Right. Later this was changed into a two-ships-passing-in-the-night confrontation with an alluring odalisque carried on a litter. The lighting was increased, to capture the cobalt blue and gold body paint of bare-chested litter bearers. The mystery and sligiht naughtiness of it always made me think of the Imperial theaters in Russia.
PS-Are you in the party scene in that clip..?
No. The filmed this before I got the part. However, I was one of the team of butlers. It was not a starring role but had challenges of its own. Balancing feather-weight plastic champagne flutes on a silver tray, while dodging 30 or so dancing party-goers, is MUCH more difficult than carrying the real thing.) :wink:

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I assume the flying rug with the guy is the arabian dance, right...?

Right. Later this was changed into a two-ships-passing-in-the-night confrontation with an alluring odalisque carried on a litter. The lighting was increased, to capture the cobalt blue and gold body paint of bare-chested litter bearers. The mystery and sligiht naughtiness of it always made me think of the Imperial theaters in Russia.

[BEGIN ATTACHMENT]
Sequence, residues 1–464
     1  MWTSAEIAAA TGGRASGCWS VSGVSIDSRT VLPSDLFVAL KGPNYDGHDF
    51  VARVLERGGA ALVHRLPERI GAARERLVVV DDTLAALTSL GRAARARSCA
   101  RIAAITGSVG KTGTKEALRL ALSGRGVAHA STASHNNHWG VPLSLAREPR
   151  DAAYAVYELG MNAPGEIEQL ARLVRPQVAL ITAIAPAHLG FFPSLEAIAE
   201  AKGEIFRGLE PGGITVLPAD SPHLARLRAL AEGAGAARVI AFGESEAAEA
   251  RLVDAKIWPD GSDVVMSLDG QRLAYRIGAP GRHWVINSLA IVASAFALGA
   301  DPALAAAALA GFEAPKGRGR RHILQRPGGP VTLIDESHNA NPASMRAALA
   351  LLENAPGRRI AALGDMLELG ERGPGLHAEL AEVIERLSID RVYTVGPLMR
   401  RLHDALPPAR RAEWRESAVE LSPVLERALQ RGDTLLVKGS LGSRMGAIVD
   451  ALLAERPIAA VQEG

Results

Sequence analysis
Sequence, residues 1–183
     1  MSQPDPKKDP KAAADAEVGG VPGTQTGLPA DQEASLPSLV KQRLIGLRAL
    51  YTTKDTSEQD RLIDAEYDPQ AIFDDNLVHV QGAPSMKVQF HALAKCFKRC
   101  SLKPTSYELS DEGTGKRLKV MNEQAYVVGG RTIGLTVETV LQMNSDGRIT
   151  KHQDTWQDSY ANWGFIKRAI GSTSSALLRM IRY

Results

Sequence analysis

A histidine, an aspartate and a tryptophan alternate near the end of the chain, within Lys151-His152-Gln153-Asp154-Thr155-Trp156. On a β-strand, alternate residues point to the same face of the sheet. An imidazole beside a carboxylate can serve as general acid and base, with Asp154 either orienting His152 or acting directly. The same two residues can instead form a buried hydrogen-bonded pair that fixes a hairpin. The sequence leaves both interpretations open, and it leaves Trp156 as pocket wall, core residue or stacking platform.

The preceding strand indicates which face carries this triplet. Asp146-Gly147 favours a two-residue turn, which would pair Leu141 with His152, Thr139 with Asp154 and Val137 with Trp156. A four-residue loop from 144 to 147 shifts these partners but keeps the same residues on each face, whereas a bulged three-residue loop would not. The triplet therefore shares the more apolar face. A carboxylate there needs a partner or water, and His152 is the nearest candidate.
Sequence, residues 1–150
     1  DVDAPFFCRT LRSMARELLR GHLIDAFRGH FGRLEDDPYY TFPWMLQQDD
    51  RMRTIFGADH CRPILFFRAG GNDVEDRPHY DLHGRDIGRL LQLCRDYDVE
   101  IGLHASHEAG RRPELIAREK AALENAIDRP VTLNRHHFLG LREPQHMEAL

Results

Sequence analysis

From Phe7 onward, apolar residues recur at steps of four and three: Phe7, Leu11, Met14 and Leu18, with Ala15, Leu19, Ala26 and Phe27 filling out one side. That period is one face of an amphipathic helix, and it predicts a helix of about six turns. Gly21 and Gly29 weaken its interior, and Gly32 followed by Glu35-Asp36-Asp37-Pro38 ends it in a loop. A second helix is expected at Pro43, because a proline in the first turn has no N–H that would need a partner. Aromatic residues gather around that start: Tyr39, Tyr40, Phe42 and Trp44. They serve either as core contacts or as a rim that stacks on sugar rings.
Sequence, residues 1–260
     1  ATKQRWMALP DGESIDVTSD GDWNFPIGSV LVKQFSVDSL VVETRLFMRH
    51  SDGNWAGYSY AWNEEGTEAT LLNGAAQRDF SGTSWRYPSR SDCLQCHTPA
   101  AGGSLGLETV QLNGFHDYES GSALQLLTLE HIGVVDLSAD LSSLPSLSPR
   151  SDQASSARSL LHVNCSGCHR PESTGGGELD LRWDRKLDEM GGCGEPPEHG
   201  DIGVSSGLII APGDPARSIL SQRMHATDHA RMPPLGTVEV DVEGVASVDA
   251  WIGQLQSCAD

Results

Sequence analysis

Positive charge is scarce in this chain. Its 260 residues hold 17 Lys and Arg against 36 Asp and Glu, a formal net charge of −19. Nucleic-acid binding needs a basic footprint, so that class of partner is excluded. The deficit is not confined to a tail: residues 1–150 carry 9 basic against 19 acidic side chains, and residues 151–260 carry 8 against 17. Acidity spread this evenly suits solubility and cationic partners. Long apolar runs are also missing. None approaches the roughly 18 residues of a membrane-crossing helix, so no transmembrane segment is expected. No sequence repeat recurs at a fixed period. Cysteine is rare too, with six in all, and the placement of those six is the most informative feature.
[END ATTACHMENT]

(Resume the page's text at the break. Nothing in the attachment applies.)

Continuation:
Wow...has a DVD been made of this production, bart...?

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[H]as a DVD been made of this production, bart...?
Not anything that could be released commercially. Like most local and regional companies, BF lacked the resources and backing to even think of commercial video. I also suspect that this production was something that needed a live theater -- and living, breathing, reacting audiences -- to be experienced the way it was intended.